Photo: Toni Reed on Unsplash
Allies of the LGBT+ community can sometimes have a hard time toeing the line between being too involved and too uninvolved. If they are too uninvolved, they are criticized for not being a true ally of the community or not using their privilege for good. If they are too involved, they can be seen as trying to emulate or make light of the struggles that the LGBT+ community faces. So what is the best way to go about being an ally?
Showing up is the first part and sometimes the hardest one. It can feel like there is no space for allies at a pride event, and even though the A in LGBTQIA stands for aromantic, asexual, and agender and not ally, allies still have an important role. If you’re an ally and are reluctant about going to a pride event, try to make it a group event -- invite some of your fellow allies or LGBT+ community friends so you don’t feel like the “odd one out”. Remember that your presence is essential -- actions speak louder than words.
Once at the event, be sure to participate! Don’t hang around the sidelines because you feel like you’re not a part of it -- that will just single you out more. Take part in what you feel comfortable with and make the most of the event!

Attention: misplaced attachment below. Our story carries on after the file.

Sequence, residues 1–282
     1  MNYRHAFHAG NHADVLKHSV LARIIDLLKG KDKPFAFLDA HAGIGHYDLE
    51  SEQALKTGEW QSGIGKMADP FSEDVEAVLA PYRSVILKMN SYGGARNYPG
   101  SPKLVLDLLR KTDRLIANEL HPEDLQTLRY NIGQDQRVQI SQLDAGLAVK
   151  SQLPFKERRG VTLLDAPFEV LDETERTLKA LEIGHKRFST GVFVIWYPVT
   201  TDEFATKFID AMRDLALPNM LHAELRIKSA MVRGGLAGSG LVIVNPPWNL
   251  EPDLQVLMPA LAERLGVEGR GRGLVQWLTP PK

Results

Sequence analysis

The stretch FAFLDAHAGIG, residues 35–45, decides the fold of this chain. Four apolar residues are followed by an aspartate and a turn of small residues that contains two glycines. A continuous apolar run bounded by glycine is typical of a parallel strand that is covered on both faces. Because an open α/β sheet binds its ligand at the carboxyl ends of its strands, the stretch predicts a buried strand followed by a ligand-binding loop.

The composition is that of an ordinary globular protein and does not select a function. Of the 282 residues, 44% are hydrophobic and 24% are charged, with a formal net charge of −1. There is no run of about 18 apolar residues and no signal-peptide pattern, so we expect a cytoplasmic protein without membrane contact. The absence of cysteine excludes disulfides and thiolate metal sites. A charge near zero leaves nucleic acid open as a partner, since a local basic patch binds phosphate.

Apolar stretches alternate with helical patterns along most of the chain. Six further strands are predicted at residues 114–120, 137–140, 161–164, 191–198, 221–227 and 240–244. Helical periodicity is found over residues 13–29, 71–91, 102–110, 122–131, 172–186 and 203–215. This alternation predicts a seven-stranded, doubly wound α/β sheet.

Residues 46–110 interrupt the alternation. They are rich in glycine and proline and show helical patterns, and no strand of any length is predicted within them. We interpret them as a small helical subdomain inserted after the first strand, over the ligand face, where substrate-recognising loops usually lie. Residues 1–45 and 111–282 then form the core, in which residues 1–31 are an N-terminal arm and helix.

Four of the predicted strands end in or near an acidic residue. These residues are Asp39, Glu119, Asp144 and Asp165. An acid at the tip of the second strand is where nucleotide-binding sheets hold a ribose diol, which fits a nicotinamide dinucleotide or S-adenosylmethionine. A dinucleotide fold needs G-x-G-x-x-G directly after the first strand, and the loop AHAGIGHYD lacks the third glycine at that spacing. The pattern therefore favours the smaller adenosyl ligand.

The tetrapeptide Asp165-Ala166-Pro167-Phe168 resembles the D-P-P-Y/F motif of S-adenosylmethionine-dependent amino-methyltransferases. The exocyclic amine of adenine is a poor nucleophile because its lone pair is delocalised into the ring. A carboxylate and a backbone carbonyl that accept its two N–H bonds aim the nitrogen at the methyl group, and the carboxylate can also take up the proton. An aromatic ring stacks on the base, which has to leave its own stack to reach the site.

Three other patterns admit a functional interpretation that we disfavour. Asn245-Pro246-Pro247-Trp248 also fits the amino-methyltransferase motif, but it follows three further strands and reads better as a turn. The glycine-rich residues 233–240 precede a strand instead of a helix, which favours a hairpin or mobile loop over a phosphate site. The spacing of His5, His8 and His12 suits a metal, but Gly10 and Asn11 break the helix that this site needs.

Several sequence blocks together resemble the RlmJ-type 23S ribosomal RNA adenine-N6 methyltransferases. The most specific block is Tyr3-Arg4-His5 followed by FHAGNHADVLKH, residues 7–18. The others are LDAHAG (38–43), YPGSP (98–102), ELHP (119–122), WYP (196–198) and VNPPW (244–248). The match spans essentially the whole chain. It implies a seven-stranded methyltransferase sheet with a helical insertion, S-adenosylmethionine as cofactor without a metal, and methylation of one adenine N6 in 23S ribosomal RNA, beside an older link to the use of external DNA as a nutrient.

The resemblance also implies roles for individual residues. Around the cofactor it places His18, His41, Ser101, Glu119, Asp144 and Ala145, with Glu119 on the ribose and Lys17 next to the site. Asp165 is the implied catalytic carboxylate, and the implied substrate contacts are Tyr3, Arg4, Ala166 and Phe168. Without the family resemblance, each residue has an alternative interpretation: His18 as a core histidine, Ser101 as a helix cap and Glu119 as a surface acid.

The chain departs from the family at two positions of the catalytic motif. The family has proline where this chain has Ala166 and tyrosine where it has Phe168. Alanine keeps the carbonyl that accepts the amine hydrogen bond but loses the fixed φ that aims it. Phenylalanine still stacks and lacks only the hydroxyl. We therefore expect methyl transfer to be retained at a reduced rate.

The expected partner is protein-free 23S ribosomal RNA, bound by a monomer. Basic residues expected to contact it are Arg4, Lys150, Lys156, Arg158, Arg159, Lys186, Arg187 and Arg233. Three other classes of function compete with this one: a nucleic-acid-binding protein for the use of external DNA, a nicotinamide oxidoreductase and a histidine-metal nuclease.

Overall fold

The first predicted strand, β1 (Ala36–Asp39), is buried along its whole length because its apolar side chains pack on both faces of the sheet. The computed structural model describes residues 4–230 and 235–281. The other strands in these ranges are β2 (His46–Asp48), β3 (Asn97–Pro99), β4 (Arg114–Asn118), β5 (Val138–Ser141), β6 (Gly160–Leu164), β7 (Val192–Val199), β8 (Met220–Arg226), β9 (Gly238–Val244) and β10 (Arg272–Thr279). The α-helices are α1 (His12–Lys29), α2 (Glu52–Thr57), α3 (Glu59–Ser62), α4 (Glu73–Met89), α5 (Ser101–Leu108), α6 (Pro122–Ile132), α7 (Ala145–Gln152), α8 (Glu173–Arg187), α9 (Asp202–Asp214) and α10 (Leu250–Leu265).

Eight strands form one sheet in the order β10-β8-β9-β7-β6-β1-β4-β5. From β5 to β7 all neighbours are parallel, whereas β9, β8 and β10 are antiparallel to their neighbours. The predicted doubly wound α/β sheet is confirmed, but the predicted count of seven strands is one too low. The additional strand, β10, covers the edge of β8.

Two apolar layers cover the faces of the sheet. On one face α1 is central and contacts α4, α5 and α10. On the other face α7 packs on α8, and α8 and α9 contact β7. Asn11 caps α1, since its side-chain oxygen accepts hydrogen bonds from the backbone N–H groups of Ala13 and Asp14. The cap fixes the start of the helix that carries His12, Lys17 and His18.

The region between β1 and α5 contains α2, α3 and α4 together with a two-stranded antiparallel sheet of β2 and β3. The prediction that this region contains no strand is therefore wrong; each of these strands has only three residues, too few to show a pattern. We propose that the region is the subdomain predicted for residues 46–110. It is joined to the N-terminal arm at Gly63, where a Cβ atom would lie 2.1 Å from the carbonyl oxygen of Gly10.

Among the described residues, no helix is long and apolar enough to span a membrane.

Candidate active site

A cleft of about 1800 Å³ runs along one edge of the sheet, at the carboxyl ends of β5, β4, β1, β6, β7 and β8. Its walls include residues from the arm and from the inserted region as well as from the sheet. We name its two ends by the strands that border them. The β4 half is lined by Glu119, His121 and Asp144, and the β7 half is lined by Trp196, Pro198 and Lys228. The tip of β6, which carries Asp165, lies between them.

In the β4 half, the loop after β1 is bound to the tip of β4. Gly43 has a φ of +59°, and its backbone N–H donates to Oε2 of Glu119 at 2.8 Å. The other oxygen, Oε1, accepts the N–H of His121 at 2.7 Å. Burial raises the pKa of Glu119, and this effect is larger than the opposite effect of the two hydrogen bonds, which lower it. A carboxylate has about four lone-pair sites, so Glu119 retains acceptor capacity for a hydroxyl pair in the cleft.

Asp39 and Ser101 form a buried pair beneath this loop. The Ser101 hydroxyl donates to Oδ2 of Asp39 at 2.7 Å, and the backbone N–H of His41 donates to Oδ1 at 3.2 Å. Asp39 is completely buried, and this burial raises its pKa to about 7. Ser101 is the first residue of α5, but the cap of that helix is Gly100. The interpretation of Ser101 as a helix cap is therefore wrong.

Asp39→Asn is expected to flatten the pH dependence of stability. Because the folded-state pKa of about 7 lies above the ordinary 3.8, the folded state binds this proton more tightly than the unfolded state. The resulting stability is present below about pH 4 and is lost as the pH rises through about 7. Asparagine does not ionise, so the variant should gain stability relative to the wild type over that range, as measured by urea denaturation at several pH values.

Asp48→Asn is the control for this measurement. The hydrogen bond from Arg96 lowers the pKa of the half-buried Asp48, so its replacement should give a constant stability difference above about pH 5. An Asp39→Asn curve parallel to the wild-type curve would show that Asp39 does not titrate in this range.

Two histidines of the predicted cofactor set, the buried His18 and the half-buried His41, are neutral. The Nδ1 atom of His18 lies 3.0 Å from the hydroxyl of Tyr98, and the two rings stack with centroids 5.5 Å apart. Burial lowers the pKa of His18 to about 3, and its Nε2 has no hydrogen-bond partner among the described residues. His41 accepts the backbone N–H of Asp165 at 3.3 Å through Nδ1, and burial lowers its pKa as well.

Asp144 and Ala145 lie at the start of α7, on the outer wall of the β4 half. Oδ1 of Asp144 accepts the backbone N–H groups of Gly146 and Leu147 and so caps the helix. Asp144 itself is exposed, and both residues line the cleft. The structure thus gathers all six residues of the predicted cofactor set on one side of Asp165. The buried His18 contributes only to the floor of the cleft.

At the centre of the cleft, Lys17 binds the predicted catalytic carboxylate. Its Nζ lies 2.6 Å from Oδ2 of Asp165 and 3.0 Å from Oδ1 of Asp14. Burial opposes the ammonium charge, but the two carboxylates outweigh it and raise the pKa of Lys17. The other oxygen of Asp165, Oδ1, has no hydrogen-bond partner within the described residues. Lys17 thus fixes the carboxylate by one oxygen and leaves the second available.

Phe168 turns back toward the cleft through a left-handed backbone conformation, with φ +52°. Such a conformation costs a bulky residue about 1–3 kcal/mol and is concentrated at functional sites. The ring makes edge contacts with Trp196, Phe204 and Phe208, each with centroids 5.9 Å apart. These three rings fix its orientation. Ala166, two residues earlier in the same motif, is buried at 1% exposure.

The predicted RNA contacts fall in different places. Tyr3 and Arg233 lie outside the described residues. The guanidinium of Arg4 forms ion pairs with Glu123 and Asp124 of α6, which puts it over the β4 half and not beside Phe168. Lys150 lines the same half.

One of the most important aspects of pride events is a lack of judgement. In the same way that you wouldn’t want anyone to judge you for being an ally, don’t judge anyone else. Appearance, clothing choices, or whether they appear “straight” is irrelevant. Don’t question it too much -- everyone there should have the same mindset. Create a judgement-free zone! A lot of how allies should act overlaps with how everyone at the pride events should act. Common courtesy applies here as it does in all aspects of life. It’s not likely that anyone will even know that you’re an ally unless you tell them. There is no certain “look” for people of the LGBT+ community or allies, even though some people think they can tell from their own preconceived notions and stereotypes. In a sea of rainbow flags and stickers, you’re unlikely to stand out. So don’t make yourself stand out! Be kind and considerate always.
The most prominent distinction between a member of the community and an ally is being aware of one’s place. First, it is essential to know the history of Pride and have a basic understanding of the oppression and discrimination that the LGBT+ community has faced. Knowing their struggles leads to more of an understanding of the important history but also allows allies to recognize their own privilege and realize that the event is not -- and has never been -- for them. While allies are welcome at pride events, remember that if you are an ally, this is not just a day you get to party once a year, to “join in on the club”. If you celebrate at Pride with the LGBT+ community, expect to step up the rest of the year as well -- your privilege and support is needed all the time!
Stephanie is an undergraduate student at Washington College. She is an English major with minors in Journalism, Editing, and Publishing, and Justice, Law, and Society. When not writing, you can find her either at a concert, reading a book, or petting a cat.